UK specifications have yet to be finalised, but SE trim will have cloth seats and fewer chrome highlights in the cabin. Sport and Luxury are both expected to have leather and they’ll bring a longer options list and different designs of larger alloy wheels. The controversial Luxury and Sport line badges will continue – they’re still positioned on the front wings – but their design has been modernised.

The 3 Series Touring gets the same styling tweaks as the saloon and shares its revised engine line-up and new chassis settings. But since the car’s metal bits are relatively unchanged, so are the key dimensions. As a result, the Touring will continue to offer a flat, well-shaped load bay but less overall space than some of its key rivals.

Speaking to Autocar at the launch of the updated model, BMW Marketing boss Ian Robertson said: “The first 3 Series had a very clear vision to set us apart from the opposition - and that is still the goal.

“It is the car that put BMW on the map - in it's first three years on sale, sales rose 74% - and to date 40 million 3 Series have been sold - it is the biggest selling premium car in history and accounts for a quarter of our global sales.

“That's why we're never going to rest on our laurels - we are the worldwide segment leader and our intention is to always pioneer indynamics, efficiency and design and in every body style, from saloon to convertible, coupe, Touring and Gran Turismo.

“As the sector benchmark we know that it is the car that all our opposition measure against. That makes it an aspirational product forthem - and we're determined to stay there.”

2015 BMW 3 Series pricing

Saloon models

318i SE £24975

318i Sport £25275

320i SE £27,255

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320i Sport £27,555

320i Luxury £29,755

320i M Sport £29,555

320i xDrive SE £28,805

320i xDrive Sport £29,105

320i xDrive Luxury £31,305

320i xDrive M Sport £31,105

330i Luxury £33,005

330i M Sport £32,805

340i M Sport £38,125

316d SE £27,435

316d Sport £27,735

318d SE £28,685

318d Sport £28,985

318d Luxury £31,185

318d M Sport £30,895

320d SE £29,785

320d Sport £30,085

320d M Sport £32,285

320d ED Plus £30,485

320d ED Sport £30,985

320d xDrive SE £31,285

320d xDrive Sport £31,585

320d xDrive Luxury £33,785

320d xDrive M Sport £33,585

330d Luxury £37,415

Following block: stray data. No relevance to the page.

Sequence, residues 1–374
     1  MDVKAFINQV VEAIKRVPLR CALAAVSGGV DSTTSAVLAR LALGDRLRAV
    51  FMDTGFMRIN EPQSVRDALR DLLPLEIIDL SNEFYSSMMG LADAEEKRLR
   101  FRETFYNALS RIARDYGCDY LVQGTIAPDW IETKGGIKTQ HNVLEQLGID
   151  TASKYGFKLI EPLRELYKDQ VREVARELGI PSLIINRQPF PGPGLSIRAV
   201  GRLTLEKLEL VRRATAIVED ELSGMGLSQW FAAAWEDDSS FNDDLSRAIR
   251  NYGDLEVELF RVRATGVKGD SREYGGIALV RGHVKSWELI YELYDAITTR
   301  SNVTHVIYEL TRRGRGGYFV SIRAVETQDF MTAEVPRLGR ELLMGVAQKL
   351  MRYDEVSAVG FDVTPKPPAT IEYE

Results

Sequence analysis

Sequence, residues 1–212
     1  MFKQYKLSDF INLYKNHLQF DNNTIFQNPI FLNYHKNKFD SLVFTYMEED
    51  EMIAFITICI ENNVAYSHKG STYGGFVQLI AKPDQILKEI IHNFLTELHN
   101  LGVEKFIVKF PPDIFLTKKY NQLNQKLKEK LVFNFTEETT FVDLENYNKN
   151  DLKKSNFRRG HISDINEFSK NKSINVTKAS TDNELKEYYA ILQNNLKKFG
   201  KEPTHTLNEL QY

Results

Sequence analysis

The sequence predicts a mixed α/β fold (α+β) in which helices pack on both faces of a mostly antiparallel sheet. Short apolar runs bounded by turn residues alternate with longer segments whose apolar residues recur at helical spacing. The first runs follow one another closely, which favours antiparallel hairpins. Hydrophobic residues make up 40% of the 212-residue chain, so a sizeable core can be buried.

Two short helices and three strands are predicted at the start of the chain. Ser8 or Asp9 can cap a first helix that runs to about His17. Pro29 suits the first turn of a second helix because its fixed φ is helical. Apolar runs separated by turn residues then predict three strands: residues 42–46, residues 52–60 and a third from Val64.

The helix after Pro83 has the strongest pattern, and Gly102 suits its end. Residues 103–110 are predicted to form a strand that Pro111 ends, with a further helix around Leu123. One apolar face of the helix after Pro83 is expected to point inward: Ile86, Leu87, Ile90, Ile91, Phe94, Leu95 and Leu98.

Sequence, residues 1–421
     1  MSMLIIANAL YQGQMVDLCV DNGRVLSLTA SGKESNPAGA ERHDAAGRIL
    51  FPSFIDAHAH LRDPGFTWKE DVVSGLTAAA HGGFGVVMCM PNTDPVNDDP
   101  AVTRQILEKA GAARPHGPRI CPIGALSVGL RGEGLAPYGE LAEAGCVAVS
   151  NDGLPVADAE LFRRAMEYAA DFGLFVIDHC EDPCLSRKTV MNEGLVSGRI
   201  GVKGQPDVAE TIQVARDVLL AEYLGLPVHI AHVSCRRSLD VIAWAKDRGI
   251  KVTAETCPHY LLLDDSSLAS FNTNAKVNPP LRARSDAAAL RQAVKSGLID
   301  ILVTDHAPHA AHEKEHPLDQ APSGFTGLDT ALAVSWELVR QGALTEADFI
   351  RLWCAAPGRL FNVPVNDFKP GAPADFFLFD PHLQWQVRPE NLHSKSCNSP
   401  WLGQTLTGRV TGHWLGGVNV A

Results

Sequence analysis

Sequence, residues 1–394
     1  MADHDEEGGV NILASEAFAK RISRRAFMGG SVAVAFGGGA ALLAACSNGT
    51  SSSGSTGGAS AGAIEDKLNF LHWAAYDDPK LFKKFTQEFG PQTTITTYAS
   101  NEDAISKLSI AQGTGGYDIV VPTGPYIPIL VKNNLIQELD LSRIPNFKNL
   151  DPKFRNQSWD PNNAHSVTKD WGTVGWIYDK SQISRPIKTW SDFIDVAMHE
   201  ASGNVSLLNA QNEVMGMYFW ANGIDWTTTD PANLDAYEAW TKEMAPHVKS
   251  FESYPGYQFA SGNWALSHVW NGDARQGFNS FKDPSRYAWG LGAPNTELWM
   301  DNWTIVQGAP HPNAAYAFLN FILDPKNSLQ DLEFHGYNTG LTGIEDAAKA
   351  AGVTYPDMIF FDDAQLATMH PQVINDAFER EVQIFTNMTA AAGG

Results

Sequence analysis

330d M Sport £37,415

330d xDrive Luxury £39,115

330d xDrive M Sport £38,915

335d xDrive M Sport £40,330

Touring models

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318i SE £26,405

318i Sport £26,705

320i SE £28,570

320i Sport £28,870

320i Luxury £31,070

320i M Sport £30,870

320i xDrive SE £30,105

320i xDrive Sport £30,405

320i xDrive Luxury £32,720

320i xDrive M Sport £32,520

330i Luxury £34,305

330i M Sport £34,105

340i M Sport £39,255

316d SE £28,735

316d Sport £29,035

318d SE £29,985

318d Sport £30,285

318d Luxury £32,485

318d M Sport £32,285

320d SE £31,085

320d Sport £31,385

320d M Sport £33,385

320d ED Plus £31,785

320d ED Sport £32,285

320d xDrive SE £32,585

320d xDrive Sport £32,885

320d xDrive Luxury £35,215

320d xDrive M Sport £35,015

330d Luxury £38,715

330d M Sport £38,915

330d xDrive Luxury £40,430

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330d xDrive M Sport £40,230

335d xDrive M Sport £41,665 

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Dark Isle 16 July 2015


I'm a bit surprised that BMW can't get their most economical diesel 3-Series under the 100 g/km with a manual transmission like Jaguar can. Bearing in mind both the 3-Series and XE use the same ZF gearbox, with a little remapping perhaps Jaguar could beat the automatic 3-Series emissions figure, too?
Peter Cavellini 12 May 2015

To be honest........?

I think the entry level price(£25,000) is a bit steep,will there be any special offers?,because,a private buyer might think twice now.
michael knight 8 May 2015

Massaging the numbers

A 1.5 called a 318. A 3.0 called a 340. Yet the 3l diesel is 330, as the 2l is the 320? Truly bizarre.